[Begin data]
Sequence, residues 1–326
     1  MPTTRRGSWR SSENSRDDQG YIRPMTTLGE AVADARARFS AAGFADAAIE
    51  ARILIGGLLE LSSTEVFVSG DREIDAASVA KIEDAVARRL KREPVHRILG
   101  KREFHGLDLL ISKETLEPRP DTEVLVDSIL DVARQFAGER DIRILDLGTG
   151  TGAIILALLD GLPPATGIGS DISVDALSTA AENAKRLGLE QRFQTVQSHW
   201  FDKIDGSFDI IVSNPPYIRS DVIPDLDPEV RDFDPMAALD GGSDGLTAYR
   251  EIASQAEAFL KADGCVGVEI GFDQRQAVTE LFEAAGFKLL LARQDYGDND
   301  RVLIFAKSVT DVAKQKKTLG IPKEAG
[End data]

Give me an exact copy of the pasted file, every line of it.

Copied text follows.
Sequence, residues 1–326
     1  MPTTRRGSWR SSENSRDDQG YIRPMTTLGE AVADARARFS AAGFADAAIE
    51  ARILIGGLLE LSSTEVFVSG DREIDAASVA KIEDAVARRL KREPVHRILG
   101  KREFHGLDLL ISKETLEPRP DTEVLVDSIL DVARQFAGER DIRILDLGTG
   151  TGAIILALLD GLPPATGIGS DISVDALSTA AENAKRLGLE QRFQTVQSHW
   201  FDKIDGSFDI IVSNPPYIRS DVIPDLDPEV RDFDPMAALD GGSDGLTAYR
   251  EIASQAEAFL KADGCVGVEI GFDQRQAVTE LFEAAGFKLL LARQDYGDND
   301  RVLIFAKSVT DVAKQKKTLG IPKEAG